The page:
Along with the classroom work, they’ll have to get clinical experience—most commonly volunteering, shadowing, or working as a medical scribe, but you can get creative—and usually do a little research of some kind.  Med school is hard and being a doctor is harder; they want to know that you’ve got an idea of what you’re getting into.  If your character does all that right, they interview with medical schools during the fall of senior year, and hopefully get accepted!

Year 1 (MS1)

Your first year is classroom based.  You get daily lectures on very complicated medical topics, with relatively little patient interaction this year.  Schools will include more practical classes as well, including a cadaver dissection, pathology (where you train to look at cells and understand what a healthy vs. diseased one looks like; some schools are old school and have people still work with slides and microscopes, others like mine do it virtually), and standardized patient encounters (where they hire actors to come in and work with us so we can practice histories and physical exams and basically get a baseline on things like “what does a normal lung sounds like?”).

Patient interaction varies from school to school, but generally is pretty low.  You can shadow a certain specialty you’re interested in, volunteer in free clinics, join different clubs/interest groups, or do various electives that will focus on teaching certain aspects of patient care (nutrition, medical Spanish, global health, etc.), but you have to go look for them.  If I hadn’t done any of that, I would have seen maybe… two patients a month?  Most students will branch out with those other opportunities, though.

Year 2 (MS2)

Similar to MS1 in that you’re still on classroom duty, still not seeing many patients.  Typically you learn more sensitive physical exams this year (urological, gynecologic, breast, etc.), and you’re finished with the cadaver dissection, but things are otherwise the same.  At the end of your character’s MS2 year, they’ll take their first board exam, called STEP 1.  You can take it one time only unless you fail.  Low scores or a fail are really frowned on, and can limit the specialty your character goes into, so you can imagine the pressure.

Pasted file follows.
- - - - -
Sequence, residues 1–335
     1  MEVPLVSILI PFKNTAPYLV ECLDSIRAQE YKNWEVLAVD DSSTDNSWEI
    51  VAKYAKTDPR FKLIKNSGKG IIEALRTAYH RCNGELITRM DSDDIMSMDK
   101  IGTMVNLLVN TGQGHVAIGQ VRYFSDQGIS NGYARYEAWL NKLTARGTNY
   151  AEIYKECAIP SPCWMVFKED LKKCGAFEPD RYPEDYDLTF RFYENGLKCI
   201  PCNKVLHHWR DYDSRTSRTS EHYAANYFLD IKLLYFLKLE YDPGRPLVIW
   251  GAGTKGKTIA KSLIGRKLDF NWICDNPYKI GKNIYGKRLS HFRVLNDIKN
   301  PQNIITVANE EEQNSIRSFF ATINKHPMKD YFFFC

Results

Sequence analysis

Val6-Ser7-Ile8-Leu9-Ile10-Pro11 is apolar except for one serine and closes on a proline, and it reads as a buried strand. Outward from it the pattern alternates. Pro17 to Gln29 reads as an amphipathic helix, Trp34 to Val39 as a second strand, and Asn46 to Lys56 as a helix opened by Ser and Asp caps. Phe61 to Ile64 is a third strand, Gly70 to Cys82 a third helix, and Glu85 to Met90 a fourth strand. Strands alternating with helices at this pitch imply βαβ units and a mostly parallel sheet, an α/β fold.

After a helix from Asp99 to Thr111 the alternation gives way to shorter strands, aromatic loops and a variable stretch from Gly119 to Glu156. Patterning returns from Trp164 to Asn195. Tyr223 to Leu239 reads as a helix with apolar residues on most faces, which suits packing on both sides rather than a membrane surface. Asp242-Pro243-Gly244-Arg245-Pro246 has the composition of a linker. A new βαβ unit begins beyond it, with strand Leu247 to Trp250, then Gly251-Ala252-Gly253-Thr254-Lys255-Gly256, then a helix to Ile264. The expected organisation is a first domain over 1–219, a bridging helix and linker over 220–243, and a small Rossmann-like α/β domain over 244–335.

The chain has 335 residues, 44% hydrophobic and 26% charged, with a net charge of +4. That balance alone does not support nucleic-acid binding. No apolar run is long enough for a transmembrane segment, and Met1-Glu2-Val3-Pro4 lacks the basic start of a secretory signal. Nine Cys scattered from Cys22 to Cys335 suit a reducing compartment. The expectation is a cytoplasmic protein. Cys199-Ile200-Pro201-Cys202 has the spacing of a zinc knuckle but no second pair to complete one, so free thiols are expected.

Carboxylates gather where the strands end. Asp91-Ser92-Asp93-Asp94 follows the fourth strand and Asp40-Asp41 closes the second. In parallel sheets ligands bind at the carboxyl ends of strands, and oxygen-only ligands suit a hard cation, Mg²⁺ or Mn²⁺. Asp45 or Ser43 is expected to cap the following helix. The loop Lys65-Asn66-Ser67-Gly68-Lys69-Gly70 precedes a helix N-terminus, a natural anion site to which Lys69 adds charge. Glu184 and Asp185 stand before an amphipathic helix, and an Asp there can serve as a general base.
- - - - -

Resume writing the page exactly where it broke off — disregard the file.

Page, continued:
Year 3 (MS3)

Yay!  Your character’s now ready to be let loose on the clinic/hospital!

Boo!  This year kicks. your. ass.

This year is all about making your character feel like an idiot putting what your character’s been studying for two years into action.  The schedule is broken up into rotations, which are periods of 4-8 weeks where students focus on a specific specialty each time.  These courses are: pediatrics, family medicine, psychiatry, ob/gyn, neurology (usually), emergency (sometimes), surgery, and internal medicine.  Difficulty varies by rotation, with surgery and ob/gyn being the worst (12 hour days with only one day off a week, max; surgery adds in occasional 24 hour shifts too, just to spice things up).  Occasionally you’ll land on a nice one, like psychiatry, with 10 hour days and free weekends.

On a more day-to-day level, third years are usually part of a small medical team that cares for a set of patients.  The team consists of an attending (fully licensed physician), residents (physicians who are training in their particular specialty), and medical students (MS3s and MS4s both).  MS3s will usually get a small subset of hospital patients they care for every day—take their histories, do their physical exams, list what you think they have, and suggest treatments/tests—but because you’re not licensed, you basically take all that to the attending/resident who hears you out and then says ‘yea’ or ‘nay.’  As the year progresses, hopefully you hear more ‘yeas’ and fewer ‘nays.’

At the end of this year/the beginning of 4th year, there’s another board exam called STEP 2.  Half is your typical multiple choice test, with a numeric score—much like STEP 1—while half is a pass/fail practical where you work with standardized patients.

Year 4 (MS4)

Hopefully by now your character has figured out what they want to specialize in.  I can go over specialties in another post if anyone’s curious, but the biggest ones are basically the same as the ones listed as core rotations during the MS3 year.  There’s a giant application/interview process that takes up the lion’s share of the summer/fall/winter for interviews with residency.  At the end of the process, everyone ranks the residencies they interviewed with from most to least favorite, and at the same time the residencies rank their interviewees from most to least.  The whole thing goes into a giant computer algorithm to give as many people as possible as high a choice as possible, and then on the same day of the year, at the same time, MS4s across the country take a deep breath and open envelopes saying where they ‘matched.’

In addition, with those pesky core rotations out of the way, the character has time to take electives that may or may not be applicable to their future specialty—me, I’m going for emergency medicine, so I’m doing several rotations in EM as well as EMS, but I’m also doing a two week course forensics because it sounds awesome.

Otherwise, 4th year is widely known as the ‘take a breath’ year.  People get married or have babies during this time, travel, and generally start to act like human beings again.  There’s space in your schedule that’s off—it’s generally intended for interviews or studying for STEP 2 if you’re taking it late, but people will use it for anything.

Residency